Finding Aid to the Papers of Raymond P. Escoffier, 1940-2021
Short description of collection: Escoffier was an engineer who designed and built the correlators for the first generation of NRAO’s interferometric arrays. The small collection includes materials on the correlators, particularly the ALMA correlator.
Biography: Born in Louisiana in 1940, Raymond P. Escoffier came to NRAO in 1973 after earning Bachelor’s and Master’s degrees in electrical engineering from Louisiana State University and after a brief period at Collins Radio in Dallas, Texas. He joined the NRAO VLA correlator design team led by Art Shalloway, and in 1975 took on the role of lead engineer for the VLA correlator project, moving to New Mexico to oversee its installation. Commissioned in 1980, the VLA correlator represented groundbreaking technology for its time as one of the first all-digital correlators and for its use of custom integrated circuits.
After the completion of VLA commissioning Escoffier returned to Charlottesville, and in 1986 he and his team began working on the design of the original VLBA correlator. He directed the construction of the correlator and oversaw its integration with the tape drives in the then new Array Operation Center in Socorro, New Mexico, where it was commissioned in 1994.
Escoffier's final project at NRAO was his most ambitious and impressive: providing engineering leadership for an international team building a correlator for the Atacama Large Millimeter/submillimeter Array (ALMA) in the Atacama Desert of northern Chile. The ALMA correlator was designed to process the signals from 64 antennas with 16 GHz of bandwidth in two polarization channels. The final system resided in over 40 racks of equipment, processing signals from up to 64 of the ALMA antennas, translated into multiple intermediate frequency segments in the range of 2 to 4 GHz followed by 3-bit digitization, which at the time of the design, was a technically difficult goal to implement. His design was once again at the leading edge of technology in radio astronomy in its use of ASICs and state-of-the-art Field Programmable Gate Arrays. Notably, when ALMA was commissioned in 2011, his design worked nearly flawlessly, without a need for any design iteration, a testament to the engineering prowess he amassed over the years of designing and building the VLA and VLBA correlators.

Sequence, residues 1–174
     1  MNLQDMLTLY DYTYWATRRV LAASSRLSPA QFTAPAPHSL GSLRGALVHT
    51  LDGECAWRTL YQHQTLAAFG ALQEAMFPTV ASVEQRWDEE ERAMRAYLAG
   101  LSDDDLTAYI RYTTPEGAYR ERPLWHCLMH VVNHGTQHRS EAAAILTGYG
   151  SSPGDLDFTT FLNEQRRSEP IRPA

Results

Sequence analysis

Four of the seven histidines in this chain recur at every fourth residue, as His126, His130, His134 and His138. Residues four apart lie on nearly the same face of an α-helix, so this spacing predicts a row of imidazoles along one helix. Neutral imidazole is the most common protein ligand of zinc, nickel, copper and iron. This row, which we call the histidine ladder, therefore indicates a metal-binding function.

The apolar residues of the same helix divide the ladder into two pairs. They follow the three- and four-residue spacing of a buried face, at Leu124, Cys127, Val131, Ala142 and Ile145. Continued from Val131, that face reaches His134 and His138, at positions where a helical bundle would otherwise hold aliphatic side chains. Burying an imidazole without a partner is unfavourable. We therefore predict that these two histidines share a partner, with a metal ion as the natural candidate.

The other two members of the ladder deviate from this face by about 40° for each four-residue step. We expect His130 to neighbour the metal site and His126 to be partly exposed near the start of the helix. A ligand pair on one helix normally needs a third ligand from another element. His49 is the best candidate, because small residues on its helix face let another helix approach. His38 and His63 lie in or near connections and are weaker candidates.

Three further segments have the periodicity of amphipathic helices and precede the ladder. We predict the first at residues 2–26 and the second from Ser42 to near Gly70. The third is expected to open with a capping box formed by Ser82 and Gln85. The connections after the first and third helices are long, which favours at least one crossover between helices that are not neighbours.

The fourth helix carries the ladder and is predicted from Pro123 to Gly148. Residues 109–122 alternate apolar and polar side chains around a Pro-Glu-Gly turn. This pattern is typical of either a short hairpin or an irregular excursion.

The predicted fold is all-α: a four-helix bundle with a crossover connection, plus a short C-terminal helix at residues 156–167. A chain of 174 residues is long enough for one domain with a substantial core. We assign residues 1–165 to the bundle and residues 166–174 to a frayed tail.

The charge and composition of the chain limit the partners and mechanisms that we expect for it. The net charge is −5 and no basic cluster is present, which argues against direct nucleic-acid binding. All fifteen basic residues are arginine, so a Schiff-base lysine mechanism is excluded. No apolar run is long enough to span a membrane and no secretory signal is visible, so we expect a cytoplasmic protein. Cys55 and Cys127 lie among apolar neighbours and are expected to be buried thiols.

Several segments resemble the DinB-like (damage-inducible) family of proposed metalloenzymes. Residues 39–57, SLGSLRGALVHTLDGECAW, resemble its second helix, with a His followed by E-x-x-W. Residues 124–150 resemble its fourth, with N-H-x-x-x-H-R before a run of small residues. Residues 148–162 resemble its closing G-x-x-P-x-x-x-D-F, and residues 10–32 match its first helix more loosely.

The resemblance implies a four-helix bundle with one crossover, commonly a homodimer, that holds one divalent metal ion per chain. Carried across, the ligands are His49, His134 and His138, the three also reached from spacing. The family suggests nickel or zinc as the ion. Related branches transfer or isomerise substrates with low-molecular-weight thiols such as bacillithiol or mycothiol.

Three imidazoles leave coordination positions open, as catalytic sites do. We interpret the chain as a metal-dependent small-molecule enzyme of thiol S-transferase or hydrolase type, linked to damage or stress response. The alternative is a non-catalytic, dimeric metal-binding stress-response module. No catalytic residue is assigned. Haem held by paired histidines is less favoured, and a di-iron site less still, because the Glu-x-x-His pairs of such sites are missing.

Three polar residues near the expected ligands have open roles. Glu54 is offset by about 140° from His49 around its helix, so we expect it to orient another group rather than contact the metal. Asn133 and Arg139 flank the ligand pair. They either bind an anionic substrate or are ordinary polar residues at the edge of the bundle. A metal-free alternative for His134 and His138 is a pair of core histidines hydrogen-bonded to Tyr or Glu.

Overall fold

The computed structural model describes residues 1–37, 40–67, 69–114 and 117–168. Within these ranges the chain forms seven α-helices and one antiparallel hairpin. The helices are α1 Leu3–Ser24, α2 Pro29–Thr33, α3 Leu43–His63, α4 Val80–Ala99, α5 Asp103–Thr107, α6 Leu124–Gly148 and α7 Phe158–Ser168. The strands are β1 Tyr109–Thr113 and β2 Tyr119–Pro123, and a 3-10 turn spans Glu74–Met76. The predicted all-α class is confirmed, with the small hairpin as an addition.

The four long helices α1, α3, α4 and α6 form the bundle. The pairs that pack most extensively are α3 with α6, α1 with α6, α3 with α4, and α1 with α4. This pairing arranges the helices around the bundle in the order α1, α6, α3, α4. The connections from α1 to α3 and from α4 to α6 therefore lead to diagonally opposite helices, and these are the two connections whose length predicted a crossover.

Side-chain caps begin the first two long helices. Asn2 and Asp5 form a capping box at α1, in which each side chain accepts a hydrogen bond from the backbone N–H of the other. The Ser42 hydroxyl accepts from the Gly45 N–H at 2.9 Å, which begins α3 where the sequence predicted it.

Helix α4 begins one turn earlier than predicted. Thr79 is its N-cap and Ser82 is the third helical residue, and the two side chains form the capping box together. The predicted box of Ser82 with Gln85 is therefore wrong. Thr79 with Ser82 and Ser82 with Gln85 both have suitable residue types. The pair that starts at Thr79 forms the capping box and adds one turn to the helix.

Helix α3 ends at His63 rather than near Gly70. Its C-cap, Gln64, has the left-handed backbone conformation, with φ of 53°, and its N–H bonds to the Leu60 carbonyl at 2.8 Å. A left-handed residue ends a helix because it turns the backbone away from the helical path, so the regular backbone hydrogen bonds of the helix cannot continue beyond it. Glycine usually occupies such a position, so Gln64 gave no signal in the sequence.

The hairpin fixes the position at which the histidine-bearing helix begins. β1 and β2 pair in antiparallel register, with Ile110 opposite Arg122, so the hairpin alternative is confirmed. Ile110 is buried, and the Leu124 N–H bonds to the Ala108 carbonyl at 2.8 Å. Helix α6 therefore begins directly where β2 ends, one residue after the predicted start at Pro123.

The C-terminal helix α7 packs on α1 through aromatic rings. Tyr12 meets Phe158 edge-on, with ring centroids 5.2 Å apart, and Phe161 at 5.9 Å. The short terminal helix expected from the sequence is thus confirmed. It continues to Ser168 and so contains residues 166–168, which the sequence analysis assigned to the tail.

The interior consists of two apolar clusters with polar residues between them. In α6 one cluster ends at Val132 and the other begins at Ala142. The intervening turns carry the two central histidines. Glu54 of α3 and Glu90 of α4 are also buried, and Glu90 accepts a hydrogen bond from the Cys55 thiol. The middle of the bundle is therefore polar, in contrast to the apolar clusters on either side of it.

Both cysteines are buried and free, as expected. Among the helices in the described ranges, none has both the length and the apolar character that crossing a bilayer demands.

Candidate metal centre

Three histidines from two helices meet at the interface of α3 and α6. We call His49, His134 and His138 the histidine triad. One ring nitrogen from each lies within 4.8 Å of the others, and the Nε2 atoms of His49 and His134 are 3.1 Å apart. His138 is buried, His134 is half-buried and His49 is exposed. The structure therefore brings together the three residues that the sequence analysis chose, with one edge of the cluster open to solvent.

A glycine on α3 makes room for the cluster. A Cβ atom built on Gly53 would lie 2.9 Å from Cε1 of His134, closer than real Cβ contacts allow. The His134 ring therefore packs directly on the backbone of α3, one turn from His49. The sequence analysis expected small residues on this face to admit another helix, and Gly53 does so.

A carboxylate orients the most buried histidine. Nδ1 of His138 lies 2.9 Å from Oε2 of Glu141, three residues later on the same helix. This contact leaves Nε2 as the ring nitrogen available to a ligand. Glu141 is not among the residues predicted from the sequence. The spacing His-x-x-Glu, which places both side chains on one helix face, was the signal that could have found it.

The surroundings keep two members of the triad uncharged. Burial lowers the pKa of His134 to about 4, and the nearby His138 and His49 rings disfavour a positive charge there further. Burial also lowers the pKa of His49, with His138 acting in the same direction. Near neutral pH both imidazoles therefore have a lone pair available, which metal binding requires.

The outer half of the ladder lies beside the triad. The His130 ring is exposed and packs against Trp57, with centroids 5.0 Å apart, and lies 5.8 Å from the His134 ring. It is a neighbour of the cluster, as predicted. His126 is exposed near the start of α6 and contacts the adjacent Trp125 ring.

In addition to his work on NRAO correlators, Escoffier contributed to the design of several other correlators around the world. He also pursued several other smaller projects for NRAO.
Escoffier retired from NRAO in 2005, and died in Louisiana in 2021.
[Biographical note adapted by Ellen Bouton from the obituary written by Escoffier's NRAO colleagues for the American Astronomical Society.]
Preferred citation: National Radio Astronomy Observatory/Associated Universities, Inc. Archives, Papers of Raymond P. Escoffier, <series/unit/subunit/box #>. After the initial citation, abbreviations may be used: NRAO/AUI Archives, Escoffier Papers, <series/unit/subunit/box #>.
Processing notes: Initial inventory of this collection was done in spring 2022 by Ellen N. Bouton, with assistance from Richard Lacasse. Final arrangement, description, indexing, foldering and boxing of this material was done by Bouton in May 2022. During the processing, fasteners were removed and materials were removed from binders of various types. Documents duplicated elsewhere in the NRAO/AUI Archives were discarded.
Correlators Series: This series includes Escoffier's materials dated 1983-2006 on the various correlators he designed and reviewed, with majority of documents on the ALMA correlator. Included are samples of correlator chips and a card designed by Escoffier. Size: 1.25 linear feet plus 2 oversized notebooks (19x12.75 inches). Click here for a listing of folders, or use the NRAO Archives online catalog to search for specific items or across multiple series/collections.
Green Bank Telescope (GBT) Spectrometer Series: This series inludes Escoffier's materials from 1992 on the GBT Spectrometer: schematics, block diagrams, and programming information. Size: 0.5 linear feet. Click here for details.